Thermal Erosion

Thermal erosion occurs where flowing water melts ground ice by the combined effects of heat conduction and convection, and then mechanically erodes newly released sediment. It often occurs on hillslopes during periods of snowmelt or

Fig. 13.2 Frozen badlands formed by intense thermal erosion of massive icy sediments exposed within a retrogressive thaw slump, Summer Island, Tuktoyaktuk Coastlands, Canada. Relief is ~1 m between interfluves and gullies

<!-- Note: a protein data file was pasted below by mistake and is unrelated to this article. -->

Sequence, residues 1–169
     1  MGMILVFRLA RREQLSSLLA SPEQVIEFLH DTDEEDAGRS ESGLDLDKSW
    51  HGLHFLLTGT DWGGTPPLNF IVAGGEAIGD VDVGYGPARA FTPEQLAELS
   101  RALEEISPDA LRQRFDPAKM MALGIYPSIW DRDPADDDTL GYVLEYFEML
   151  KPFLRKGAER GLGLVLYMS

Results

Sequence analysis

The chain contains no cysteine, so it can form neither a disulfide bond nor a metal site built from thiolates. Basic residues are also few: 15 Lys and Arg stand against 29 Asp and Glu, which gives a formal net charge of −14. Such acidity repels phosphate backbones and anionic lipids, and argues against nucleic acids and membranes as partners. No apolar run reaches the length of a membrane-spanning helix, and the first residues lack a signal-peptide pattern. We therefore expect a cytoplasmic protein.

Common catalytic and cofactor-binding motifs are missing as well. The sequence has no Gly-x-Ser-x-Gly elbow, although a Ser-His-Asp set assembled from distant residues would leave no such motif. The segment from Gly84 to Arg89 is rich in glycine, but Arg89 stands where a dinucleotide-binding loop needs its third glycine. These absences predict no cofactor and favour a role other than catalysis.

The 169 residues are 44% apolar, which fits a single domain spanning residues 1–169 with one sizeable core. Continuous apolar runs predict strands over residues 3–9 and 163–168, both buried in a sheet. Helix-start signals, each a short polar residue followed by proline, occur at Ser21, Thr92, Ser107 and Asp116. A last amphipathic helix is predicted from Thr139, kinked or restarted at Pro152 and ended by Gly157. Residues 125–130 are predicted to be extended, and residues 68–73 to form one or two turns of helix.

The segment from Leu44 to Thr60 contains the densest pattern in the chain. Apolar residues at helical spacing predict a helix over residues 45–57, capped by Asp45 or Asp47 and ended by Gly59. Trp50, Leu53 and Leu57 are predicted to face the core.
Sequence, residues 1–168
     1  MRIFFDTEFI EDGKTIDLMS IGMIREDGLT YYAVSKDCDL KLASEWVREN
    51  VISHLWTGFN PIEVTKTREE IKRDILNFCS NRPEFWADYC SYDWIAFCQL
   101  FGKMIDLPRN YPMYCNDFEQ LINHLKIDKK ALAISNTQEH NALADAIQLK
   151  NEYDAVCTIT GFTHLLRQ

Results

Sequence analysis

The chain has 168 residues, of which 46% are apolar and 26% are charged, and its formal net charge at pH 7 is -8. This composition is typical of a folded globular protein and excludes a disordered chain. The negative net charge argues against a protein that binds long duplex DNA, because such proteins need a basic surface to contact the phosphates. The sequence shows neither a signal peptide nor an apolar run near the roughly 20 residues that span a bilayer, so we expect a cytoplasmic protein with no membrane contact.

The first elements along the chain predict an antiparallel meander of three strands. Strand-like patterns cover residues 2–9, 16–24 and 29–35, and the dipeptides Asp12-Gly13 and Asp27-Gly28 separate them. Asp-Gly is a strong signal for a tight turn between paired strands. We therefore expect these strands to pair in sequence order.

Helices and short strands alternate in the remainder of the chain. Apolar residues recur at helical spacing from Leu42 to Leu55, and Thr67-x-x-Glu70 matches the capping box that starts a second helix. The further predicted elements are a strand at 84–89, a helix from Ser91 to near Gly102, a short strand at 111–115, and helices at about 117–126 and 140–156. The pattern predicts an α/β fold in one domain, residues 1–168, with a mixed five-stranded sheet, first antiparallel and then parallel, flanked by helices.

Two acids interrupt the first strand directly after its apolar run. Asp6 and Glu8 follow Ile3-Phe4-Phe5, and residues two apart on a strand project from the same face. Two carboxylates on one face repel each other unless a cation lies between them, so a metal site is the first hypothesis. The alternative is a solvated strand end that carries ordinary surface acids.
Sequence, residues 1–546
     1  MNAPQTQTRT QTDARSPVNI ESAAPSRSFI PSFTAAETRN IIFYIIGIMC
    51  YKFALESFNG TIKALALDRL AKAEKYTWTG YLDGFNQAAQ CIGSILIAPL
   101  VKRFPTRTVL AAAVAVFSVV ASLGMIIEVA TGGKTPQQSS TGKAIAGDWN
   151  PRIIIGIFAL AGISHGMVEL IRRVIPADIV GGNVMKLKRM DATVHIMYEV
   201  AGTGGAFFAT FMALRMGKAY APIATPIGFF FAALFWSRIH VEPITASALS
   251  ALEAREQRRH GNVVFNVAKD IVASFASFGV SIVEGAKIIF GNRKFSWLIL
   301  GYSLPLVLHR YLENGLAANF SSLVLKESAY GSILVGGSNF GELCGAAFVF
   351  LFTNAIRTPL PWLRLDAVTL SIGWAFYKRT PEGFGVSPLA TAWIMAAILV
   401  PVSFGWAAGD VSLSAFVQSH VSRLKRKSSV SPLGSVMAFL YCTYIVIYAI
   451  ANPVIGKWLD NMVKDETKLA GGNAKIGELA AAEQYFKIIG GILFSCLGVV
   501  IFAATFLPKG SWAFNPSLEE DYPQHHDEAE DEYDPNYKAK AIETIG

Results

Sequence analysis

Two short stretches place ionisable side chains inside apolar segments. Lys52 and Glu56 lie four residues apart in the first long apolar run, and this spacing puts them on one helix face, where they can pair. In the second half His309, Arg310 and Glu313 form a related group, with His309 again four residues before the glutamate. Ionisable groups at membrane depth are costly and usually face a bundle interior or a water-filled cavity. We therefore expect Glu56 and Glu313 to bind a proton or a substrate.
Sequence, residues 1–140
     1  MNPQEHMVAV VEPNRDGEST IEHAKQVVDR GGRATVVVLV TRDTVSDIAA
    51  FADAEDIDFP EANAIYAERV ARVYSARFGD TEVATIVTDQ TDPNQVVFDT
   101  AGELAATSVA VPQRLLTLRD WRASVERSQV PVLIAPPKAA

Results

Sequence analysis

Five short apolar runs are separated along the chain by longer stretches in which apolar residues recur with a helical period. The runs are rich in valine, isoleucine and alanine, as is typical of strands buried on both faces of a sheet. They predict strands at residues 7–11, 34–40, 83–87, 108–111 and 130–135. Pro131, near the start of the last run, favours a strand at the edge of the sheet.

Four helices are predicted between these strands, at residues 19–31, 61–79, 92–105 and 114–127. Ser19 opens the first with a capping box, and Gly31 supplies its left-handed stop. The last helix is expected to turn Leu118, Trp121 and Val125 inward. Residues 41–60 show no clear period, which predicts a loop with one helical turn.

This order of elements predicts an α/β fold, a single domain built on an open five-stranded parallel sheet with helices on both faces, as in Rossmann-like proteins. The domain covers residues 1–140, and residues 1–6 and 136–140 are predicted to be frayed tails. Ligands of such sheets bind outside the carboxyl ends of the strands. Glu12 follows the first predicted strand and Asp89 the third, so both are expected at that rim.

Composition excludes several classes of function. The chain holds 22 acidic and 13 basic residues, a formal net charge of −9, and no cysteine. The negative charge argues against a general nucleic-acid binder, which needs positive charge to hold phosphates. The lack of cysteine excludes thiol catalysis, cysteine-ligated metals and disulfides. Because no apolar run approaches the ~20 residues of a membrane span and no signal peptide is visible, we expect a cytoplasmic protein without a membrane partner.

heavy rainfall, and can lead to rapid gully development and persistent slope instability, particularly along ice wedges (Fig. 13.1; Mackay 1974, 1988; Seppala 1997). In thaw slumps (see Sect. 13.4.3), intense thermal erosion during hot summer days can lead to intense dissection of massive icy sediments, producing a remarkable frozen badlands topography (Fig. 13.2).

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